Veterinary Tech Certificate and Certification Programs

Read about certificate and certification programs for becoming a veterinary technician. Learn about program prerequisites, course topics and practical training, as well as employment options, certification requirements, salary information and continuing education for aspiring veterinarians.

Essential Information

Veterinary technicians work under the supervision of veterinarians and are responsible for examining animals and performing laboratory tests. Occupational duties include taking blood, preparing tissue samples, exposing x-rays and providing specialized nursing care. Certificate programs in veterinary technology prepare students to take on this role. They include classroom instruction in animal physiology, diseases and care, as well as field experience for gaining practical skills. Students may also learn to assist in dental and surgical procedures for animals. Certificate programs last from 1-3 years and must be accredited by the American Veterinary Medical Association.

Educational Prerequisites

Prospective veterinary tech students must have a high school diploma or its equivalent. High school students are encouraged to take courses that focus on math, biology and science.

Program Coursework

Those enrolled in a veterinary tech certificate program work in an environment supported by laboratories, surgical facilities and animal care rooms. Hands-on experience is stressed throughout a certificate program and classes are offered in:

  • Zoology
  • Animal care and restraint
  • Animal diseases
  • Animal anatomy and physiology
  • Veterinary clinical techniques
  • Animal nutrition
  • Pharmacology and toxicology

Popular Career Options

Graduates of a certificate program in veterinary technology are qualified to perform technical duties in different settings. Professionals are prepared to work with all types of animal species and deal with various medical ailments on a daily basis. Employment opportunities are available in:

  • Veterinary practices
  • Research and academic institutions
  • Biological laboratories
  • Zoos
  • Pharmaceutical companies

Veterinary Technician Certification

The American Association of Veterinary State Boards certifies three levels of technician competence. A veterinary technician certification takes two years to complete and requires students to pass the National Veterinary Technician exam. The exam includes written, oral and practical questions, designed to test student knowledge of veterinary technology. The AALAS also offers practice tests and study guides to help students pass the exam. Topics covered on the exam include the following:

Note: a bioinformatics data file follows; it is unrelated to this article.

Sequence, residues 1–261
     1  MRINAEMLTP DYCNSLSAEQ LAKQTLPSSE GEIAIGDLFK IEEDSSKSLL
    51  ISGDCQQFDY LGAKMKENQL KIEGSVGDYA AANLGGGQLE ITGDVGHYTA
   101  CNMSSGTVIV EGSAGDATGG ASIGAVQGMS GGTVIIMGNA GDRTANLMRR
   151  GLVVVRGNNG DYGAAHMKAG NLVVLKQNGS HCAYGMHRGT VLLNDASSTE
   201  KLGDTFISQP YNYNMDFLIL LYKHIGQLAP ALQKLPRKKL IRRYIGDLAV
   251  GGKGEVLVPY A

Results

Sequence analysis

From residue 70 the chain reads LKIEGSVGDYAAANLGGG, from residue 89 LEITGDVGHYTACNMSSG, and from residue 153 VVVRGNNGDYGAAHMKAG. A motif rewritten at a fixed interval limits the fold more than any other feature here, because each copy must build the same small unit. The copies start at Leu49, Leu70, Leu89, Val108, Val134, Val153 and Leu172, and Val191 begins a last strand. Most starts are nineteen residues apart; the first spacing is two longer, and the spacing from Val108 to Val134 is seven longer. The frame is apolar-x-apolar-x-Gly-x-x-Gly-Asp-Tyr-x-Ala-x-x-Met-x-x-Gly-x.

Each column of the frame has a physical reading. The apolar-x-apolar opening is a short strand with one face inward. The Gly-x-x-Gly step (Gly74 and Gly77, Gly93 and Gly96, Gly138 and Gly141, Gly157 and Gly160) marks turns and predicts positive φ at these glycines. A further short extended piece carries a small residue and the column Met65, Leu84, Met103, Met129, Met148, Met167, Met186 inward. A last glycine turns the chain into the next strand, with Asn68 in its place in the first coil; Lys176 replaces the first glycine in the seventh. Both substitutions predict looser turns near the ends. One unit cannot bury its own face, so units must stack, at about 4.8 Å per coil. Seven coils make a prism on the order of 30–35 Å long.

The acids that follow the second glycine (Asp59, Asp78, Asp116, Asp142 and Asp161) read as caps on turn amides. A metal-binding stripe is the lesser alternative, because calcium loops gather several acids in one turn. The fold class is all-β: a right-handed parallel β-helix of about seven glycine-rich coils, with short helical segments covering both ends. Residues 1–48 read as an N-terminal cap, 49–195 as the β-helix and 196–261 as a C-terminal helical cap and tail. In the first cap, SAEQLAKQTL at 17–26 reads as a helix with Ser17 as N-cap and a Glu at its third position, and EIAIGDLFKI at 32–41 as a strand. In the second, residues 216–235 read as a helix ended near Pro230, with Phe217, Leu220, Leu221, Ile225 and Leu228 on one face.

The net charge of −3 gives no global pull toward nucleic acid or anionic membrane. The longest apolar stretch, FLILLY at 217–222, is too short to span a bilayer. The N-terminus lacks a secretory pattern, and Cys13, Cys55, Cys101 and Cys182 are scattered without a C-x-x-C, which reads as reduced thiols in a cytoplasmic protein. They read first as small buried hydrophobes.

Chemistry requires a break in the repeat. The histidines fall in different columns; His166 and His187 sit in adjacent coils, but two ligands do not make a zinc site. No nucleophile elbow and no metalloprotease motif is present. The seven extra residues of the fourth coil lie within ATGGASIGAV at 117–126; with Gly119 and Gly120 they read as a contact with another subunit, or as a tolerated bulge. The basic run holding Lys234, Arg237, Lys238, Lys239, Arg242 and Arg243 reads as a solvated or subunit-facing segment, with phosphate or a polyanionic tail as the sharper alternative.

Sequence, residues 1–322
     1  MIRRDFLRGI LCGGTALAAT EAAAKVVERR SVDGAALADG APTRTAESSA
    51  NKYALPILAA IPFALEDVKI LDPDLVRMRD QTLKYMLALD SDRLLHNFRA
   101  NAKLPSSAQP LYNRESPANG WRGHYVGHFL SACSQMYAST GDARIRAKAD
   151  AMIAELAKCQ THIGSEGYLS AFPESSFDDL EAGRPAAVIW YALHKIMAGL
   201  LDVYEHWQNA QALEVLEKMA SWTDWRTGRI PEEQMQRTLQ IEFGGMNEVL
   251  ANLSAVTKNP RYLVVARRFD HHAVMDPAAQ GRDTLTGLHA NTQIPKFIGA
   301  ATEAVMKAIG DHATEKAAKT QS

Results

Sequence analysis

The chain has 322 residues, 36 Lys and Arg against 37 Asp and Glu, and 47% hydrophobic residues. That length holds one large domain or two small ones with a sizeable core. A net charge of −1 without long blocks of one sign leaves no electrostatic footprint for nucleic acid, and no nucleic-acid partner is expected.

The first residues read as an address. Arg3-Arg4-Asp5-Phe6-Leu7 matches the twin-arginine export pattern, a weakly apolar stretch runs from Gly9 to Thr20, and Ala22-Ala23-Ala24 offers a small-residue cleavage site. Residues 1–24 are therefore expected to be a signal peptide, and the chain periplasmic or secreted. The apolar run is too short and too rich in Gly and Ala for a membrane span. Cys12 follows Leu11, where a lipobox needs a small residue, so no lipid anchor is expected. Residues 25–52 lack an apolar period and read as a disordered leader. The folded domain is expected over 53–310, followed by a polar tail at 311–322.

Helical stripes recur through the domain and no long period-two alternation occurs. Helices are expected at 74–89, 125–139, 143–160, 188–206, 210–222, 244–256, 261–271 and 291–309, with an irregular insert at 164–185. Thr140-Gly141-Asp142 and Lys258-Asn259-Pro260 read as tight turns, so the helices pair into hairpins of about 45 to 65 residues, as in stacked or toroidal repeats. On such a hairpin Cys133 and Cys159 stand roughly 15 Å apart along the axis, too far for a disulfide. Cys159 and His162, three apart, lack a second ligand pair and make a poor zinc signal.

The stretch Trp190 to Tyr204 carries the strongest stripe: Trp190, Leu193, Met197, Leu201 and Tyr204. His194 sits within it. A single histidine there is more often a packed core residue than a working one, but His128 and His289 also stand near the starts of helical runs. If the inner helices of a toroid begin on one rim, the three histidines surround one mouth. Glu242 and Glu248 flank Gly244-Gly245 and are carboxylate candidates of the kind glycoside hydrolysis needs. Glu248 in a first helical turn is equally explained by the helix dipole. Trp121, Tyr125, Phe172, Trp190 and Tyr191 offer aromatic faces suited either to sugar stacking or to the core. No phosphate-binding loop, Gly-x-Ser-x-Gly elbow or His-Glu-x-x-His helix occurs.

• Anesthesia
  • Animal medical techniques
  • Microbiology
  • Surgical procedures
  • Comparative anatomy
  • Physiology

Salary Info and Employment Outlook

According to the U.S. Bureau of Labor Statistics (BLS), career opportunities for veterinary techs were expected to increase 52% from 2010-2020. The growth was attributed to general care and lab work being performed primarily by veterinary techs, freeing up veterinarians to handle more complex and specialized procedures. In May 2012, the BLS reported that veterinary technologists and technicians earned an average of $31,470.

Continuing Education

Associate and bachelor's degrees are available to students wishing to continue their education. These programs train students to perform advanced veterinary medical procedures, and the coursework focuses on nursing and technical duties. To become a veterinarian, students must complete a Doctor of Veterinary Medicine degree program. Veterinarians are responsible for diagnosing, prescribing treatment and performing surgery on all types of animals.

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